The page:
Patients Can Finally Smoke Medical Marijuana in Florida

Florida legalized medical marijuana in 2016, but up until now, the state has prevented patients from smoking their medication. That's because the ballot initiative that approved medical marijuana did not allow patients to use joints, blunts or any other means of smoking it. But last year, a Florida court ruled that smoking ban was unconstitutional. Shortly thereafter, Governor Ron DeSantis (R) began pressuring lawmakers to repeal the ban.

Governor DeSantis' efforts paid off last Wednesday as the Florida legislature passed a bill that will allow medical marijuana patients to smoke their cannabis if that's how they prefer to consume it. 

"Today's action to finally allow smokable medical marijuana brings four words to the lips of people across our state: It’s about damn time," said Florida Agricultural Commissioner Nikki Fried (D) in a press release celebrating the passing of the new bill. "It's long past due that the State of Florida honored the will of the people and allowed doctors to determine their patient’s course of treatment."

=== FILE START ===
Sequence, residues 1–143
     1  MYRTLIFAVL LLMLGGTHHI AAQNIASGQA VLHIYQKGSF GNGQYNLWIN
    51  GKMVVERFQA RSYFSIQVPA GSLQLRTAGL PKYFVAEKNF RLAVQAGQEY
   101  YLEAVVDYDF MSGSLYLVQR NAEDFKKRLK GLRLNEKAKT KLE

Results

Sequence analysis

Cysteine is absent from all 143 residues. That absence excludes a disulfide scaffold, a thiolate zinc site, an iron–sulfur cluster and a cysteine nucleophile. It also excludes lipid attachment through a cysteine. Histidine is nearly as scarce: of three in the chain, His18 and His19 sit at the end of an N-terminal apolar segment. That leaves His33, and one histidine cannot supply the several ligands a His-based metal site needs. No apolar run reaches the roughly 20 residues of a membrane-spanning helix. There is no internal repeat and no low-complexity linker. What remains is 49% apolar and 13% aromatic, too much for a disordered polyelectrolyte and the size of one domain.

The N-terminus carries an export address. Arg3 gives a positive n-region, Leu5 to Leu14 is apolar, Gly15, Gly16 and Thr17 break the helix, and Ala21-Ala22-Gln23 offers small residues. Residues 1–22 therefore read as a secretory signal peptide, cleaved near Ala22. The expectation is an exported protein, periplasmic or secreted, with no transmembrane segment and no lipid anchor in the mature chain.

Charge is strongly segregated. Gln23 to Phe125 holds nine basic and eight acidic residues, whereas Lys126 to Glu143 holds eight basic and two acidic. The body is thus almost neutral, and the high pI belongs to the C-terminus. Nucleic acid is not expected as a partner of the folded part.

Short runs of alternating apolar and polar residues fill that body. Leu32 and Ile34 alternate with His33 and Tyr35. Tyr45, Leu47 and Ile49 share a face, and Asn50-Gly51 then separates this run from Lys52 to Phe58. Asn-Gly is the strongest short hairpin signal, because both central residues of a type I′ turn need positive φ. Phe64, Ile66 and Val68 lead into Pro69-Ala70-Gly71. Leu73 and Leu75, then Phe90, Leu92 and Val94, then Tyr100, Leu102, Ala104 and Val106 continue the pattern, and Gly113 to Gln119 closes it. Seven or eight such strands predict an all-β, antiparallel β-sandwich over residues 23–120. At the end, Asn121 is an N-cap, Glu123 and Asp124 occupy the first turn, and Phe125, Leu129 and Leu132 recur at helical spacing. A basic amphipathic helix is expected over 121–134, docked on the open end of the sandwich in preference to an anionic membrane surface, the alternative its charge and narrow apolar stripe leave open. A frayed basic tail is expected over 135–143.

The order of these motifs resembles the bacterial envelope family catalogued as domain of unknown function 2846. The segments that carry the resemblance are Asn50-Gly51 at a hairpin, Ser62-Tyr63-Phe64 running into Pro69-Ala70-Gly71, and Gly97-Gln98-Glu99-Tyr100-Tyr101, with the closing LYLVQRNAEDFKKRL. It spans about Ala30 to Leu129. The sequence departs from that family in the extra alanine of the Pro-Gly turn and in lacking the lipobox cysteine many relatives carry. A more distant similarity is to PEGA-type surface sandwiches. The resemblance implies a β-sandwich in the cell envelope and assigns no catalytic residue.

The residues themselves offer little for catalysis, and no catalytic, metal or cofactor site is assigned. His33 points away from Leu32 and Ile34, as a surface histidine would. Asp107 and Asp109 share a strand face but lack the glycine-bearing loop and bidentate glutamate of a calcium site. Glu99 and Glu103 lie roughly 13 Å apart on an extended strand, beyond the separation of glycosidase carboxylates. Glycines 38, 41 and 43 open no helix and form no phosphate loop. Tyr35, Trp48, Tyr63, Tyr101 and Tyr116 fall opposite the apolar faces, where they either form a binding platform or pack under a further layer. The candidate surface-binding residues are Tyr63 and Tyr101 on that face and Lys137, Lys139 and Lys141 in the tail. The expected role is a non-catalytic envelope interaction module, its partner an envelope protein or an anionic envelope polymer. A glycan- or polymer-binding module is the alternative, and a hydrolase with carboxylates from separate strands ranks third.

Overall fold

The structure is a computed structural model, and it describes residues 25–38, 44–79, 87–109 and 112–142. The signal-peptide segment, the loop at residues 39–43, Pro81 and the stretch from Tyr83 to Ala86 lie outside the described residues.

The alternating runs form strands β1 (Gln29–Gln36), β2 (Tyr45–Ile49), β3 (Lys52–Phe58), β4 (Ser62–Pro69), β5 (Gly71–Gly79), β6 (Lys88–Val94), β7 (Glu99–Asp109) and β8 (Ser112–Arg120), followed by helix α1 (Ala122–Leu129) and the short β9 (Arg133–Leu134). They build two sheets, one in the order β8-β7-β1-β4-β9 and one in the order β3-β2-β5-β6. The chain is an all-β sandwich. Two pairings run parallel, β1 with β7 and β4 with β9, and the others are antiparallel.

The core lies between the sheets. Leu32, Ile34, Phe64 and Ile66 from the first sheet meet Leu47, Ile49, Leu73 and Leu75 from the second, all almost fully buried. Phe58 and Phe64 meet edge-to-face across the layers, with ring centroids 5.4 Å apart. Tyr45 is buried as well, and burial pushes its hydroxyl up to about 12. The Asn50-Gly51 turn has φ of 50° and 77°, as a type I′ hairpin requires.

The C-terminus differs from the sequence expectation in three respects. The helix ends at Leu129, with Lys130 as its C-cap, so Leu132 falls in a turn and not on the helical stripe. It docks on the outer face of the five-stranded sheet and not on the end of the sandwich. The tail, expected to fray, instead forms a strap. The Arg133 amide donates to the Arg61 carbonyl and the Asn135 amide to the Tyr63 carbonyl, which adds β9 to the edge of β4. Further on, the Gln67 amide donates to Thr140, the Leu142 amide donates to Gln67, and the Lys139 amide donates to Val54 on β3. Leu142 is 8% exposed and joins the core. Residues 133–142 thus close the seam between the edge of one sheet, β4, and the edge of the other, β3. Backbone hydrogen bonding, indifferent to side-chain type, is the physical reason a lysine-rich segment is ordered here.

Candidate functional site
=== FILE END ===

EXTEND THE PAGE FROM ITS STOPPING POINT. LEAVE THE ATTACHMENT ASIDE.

With the passing of the new bill, medical marijuana patients 18 years of age or older can now choose to smoke their medical marijuana in private residences. Smoking in public and inside of businesses will continue to be prohibited. Landlords can choose to ban smoking if they so desire and patients can only possess up to four ounces of smokable cannabis at a time.

Patients under 18 will only be permitted to smoke medical marijuana if they have a terminal illness and if two physicians—one of which must be a pediatrician—say it would be the most effective form of treatment.

This change to the Sunshine State's medical marijuana program has been a long time coming and is certainly a welcome change.

h/t: Leafly


Lots of people enjoy unwinding with a joint after a hard day's work, but for Perry Farrell, getting high is just another part of his job as a rock singer. The frontman of the alternative rock group Jane's Addiction likens the role of the musician to a shaman, whose job is to explore altered states of consciousness. "When you're going out there [onstage] as a shaman - as a witch doctor, you need to step into the fifth dimension," Farrell told Pitchfork in the latest edition of their 'Over/Under' series.

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